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Our favourite Suffolk villages: Dunwich

PUBLISHED: 17:26 23 June 2010 | UPDATED: 17:24 20 February 2013

Our favourite Suffolk villages: Dunwich

Our favourite Suffolk villages: Dunwich

Cathy Brown explains the attractions of this windswept coastal hamlet

Cathy Brown explains the attractions of this windswept coastal hamlet




Dunwich was once a thriving city. Today it is officially still a town, but in reality it is a small village most of its medieval glories lost to the sea, a glaring example of the ravages of coastal erosion. The cliffs are more than a mile inland from the settlements heyday and in living memory, the coastline has moved inland by scores of yards.
Early photographs record how the remnants of All Saints Church the last of eight medieval churches in the borough fell into the sea in 1919.
Today only the gatehouse and wall of Greyfriars Priory (the last of five religious houses) hint at the long-lost treasures of the medieval capital of East Anglia. Dunwich was a port that grew wealthy on the wool trade and also had a thriving ship-building industry until coastal erosion and violent storms wrecked its harbour, some 700 years ago.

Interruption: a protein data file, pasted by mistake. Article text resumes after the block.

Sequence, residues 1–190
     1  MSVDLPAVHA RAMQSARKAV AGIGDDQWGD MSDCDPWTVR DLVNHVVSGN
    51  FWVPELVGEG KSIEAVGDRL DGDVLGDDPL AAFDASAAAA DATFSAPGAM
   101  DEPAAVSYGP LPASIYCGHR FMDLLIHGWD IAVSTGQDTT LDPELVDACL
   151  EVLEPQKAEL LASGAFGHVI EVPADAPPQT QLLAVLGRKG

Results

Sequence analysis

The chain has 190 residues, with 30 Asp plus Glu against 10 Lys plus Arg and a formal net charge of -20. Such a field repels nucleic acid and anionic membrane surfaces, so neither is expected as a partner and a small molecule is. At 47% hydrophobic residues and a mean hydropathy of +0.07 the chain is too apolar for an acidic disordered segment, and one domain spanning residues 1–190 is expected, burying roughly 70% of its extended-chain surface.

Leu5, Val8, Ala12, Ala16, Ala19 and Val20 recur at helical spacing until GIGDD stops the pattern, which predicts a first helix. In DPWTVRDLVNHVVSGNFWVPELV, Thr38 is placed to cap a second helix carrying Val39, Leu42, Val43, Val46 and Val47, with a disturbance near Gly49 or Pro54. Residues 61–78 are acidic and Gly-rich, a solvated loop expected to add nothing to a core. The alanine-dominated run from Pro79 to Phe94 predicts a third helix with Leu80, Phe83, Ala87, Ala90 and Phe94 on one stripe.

Since then its commercial fortunes have declined, but the settlement still offers untold riches for the present day visitor. It is primarily a magnet for those who enjoy the open air an ideal centre from which to explore the Suffolk Coast and Heath Area of Outstanding Natural Beauty.
The National Trust centre at Dunwich Cliffs is a good starting point for walkers, with a big car park, and a visitor centre with a welcoming tea room. Bird watchers in particular are attracted to the network of paths. A walk along the coast leads to Dingle Marshes where there is the opportunity to glimpse (or at least hear) the elusive bittern, booming among the reed beds.
After a bracing walk along the beach, what better than to refuel at the renowned Flora Tea Room in the beach car park a destination in its own right for coach trippers intent on sampling fish and chips and spectacular ice cream sundaes.
Or if a lunchtime pint is more to your taste, the Ship Inn is also renowned for the quality of its fare and the warmth of its welcome, promising real ale, real food and a real fire.
If the weather is unkind, the best way to enjoy Dunwich is to visit the museum, which tells the whole story of the rise and fall of this vanished city, with maps, models and evocative artefacts.
From the height of its medieval prosperity, Dunwich sank to its lowest reputation as a rotten borough at the time of the 1832 Reform Act, when it had just eight residents, represented in Parliament by two MPs.
Today its status is once again in the ascendant as one of the great glories of Suffolks fabulous Heritage Coast.

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